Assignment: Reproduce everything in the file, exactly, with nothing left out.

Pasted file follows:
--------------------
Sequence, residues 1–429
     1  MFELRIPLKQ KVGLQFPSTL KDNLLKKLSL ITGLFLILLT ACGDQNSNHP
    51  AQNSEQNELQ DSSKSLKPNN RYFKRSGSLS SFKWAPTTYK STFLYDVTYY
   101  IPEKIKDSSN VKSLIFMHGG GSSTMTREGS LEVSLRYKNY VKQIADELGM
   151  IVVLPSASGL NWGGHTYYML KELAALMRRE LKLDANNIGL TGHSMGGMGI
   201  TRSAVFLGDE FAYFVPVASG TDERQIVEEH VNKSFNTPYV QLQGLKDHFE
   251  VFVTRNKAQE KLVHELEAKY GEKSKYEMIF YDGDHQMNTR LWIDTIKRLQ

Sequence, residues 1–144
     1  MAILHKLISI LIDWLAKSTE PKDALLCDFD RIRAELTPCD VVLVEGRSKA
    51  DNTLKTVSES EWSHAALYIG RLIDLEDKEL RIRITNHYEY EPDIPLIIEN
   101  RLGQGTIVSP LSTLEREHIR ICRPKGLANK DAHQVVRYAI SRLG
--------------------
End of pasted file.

Sequence, residues 1–429
     1  MFELRIPLKQ KVGLQFPSTL KDNLLKKLSL ITGLFLILLT ACGDQNSNHP
    51  AQNSEQNELQ DSSKSLKPNN RYFKRSGSLS SFKWAPTTYK STFLYDVTYY
   101  IPEKIKDSSN VKSLIFMHGG GSSTMTREGS LEVSLRYKNY VKQIADELGM
   151  IVVLPSASGL NWGGHTYYML KELAALMRRE LKLDANNIGL TGHSMGGMGI
   201  TRSAVFLGDE FAYFVPVASG TDERQIVEEH VNKSFNTPYV QLQGLKDHFE
   251  VFVTRNKAQE KLVHELEAKY GEKSKYEMIF YDGDHQMNTR LWIDTIKRLQ

Sequence, residues 1–144
     1  MAILHKLISI LIDWLAKSTE PKDALLCDFD RIRAELTPCD VVLVEGRSKA
    51  DNTLKTVSES EWSHAALYIG RLIDLEDKEL RIRITNHYEY EPDIPLIIEN
   101  RLGQGTIVSP LSTLEREHIR ICRPKGLANK DAHQVVRYAI SRLG